Reports of two scientific breakthroughs by UMass Medical School researchers and their colleagues continue to make international headlines, one involving a “functional” cure of a HIV-positive baby, and the other offering hope that the extra chromosome responsible for Down syndrome might be silenced. The researchers took very different approaches to tackling very different health issues—one a disease that is particularly deadly in low-resource settings, but can now be managed with expensive, life-long treatment; the other a genetic disorder with associated concerns such as congenital heart disease, leukemia and cognitive defects, with hundreds of overrepresented genes once deemed too complicated to tackle.
In fact, the only common denominators joining these two stories might be the similarly dogged determination of Katherine Luzuriaga, MD, professor of molecular medicine, pediatrics and medicine (at left), and Jeanne Lawrence, PhD, interim chair and professor of cell & developmental biology, and the institutional culture of support and creativity at UMMS that nurtured their different pathways to success. They also both benefited from extensive National Institutes of Health funding and sustained support from colleagues on campus and around the country.
Dr. Luzuriaga, who has worked for 20 years with researchers around the world to end the HIV/AIDS epidemic, came to UMMS through a mentored fellowship. Thanks to a framework provided by the NIH and other funders, she and her collaborators may have uncovered evidence that aggressive treatment hours after birth has the potential to save the youngest HIV patients from the burden of life-long antiretroviral treatment, and she is optimistic that future research will show promise for adults as well.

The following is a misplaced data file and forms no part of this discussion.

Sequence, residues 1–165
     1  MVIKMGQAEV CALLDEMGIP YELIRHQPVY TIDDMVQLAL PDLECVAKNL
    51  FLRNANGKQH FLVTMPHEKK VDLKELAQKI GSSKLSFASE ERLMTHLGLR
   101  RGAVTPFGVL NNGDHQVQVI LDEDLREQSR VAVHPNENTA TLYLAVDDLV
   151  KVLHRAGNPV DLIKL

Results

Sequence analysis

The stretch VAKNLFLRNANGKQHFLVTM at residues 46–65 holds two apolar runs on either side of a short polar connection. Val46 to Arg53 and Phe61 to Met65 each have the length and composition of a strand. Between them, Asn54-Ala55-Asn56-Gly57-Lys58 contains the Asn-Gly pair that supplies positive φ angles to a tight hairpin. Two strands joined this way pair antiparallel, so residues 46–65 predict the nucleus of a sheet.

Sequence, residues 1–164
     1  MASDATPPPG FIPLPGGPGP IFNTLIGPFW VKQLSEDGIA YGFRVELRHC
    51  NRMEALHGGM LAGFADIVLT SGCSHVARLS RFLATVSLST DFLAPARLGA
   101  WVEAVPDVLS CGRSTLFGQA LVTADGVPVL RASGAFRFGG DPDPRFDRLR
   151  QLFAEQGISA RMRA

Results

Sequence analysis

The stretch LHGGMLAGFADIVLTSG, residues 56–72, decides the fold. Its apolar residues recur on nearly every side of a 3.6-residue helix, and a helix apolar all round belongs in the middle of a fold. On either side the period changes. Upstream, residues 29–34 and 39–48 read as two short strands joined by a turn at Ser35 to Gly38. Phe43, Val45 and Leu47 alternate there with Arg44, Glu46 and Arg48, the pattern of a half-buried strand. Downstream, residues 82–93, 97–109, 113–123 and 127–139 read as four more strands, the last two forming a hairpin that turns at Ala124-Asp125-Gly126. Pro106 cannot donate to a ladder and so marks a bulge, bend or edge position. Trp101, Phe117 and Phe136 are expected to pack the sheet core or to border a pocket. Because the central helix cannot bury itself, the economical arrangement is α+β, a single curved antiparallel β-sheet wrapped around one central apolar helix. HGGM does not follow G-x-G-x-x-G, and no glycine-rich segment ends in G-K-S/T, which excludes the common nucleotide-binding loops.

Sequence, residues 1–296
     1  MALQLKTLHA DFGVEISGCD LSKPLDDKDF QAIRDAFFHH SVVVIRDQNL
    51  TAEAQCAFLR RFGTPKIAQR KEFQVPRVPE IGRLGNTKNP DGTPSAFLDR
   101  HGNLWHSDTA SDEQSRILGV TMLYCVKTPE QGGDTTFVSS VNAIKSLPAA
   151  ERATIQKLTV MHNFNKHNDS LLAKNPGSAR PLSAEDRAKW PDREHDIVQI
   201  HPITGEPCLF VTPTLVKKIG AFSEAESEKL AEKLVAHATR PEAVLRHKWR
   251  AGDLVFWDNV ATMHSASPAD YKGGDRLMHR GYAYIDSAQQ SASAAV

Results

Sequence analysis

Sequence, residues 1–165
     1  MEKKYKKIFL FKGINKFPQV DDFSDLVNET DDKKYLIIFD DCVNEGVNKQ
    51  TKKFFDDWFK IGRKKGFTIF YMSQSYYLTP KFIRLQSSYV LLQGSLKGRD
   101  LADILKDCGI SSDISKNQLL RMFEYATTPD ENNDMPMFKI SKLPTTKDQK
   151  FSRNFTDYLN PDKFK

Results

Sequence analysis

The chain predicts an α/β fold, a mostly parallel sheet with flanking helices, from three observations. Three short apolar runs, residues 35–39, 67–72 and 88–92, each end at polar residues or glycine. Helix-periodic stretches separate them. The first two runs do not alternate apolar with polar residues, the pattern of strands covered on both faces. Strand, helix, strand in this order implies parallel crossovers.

In contrast, Jeanne Lawrence, PhD, interim chair and professor of cell & developmental biology, worked independently on an out-of-the-box approach to genetic research, fueled by a personal interest in improving the lives of people with developmental disabilities. While she has kept her work largely confined to the Worcester campus, the outcome of her research has wide implications, as a better understanding of the genetic pathways that underlie the syndrome may lead to a new route to gene therapy for myriad other genetic conditions, including Alzheimer’s disease.
Both of these breakthroughs lay crucial groundwork for a better understanding of health issues once thought too complex to solve. UMass Medical School’s institutional culture of support encourages all UMMS researchers to remain optimistic as they look for new approaches, new answers, new hope.
Read about Katherine Luzuriaga's work on HIV: 'Functional' HIV cure offers real hope
Read about Jeanne Lawrence's work on Down syndrome: A long shot pays off